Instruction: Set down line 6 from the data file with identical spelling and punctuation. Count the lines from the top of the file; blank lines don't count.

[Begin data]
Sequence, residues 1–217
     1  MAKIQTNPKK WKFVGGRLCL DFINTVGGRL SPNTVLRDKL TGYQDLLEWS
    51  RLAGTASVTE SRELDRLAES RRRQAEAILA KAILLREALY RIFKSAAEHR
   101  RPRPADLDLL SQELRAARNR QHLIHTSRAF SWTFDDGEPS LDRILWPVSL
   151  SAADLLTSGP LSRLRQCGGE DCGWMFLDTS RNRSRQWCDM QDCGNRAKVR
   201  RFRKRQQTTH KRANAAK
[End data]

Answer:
   201  RFRKRQQTTH KRANAAK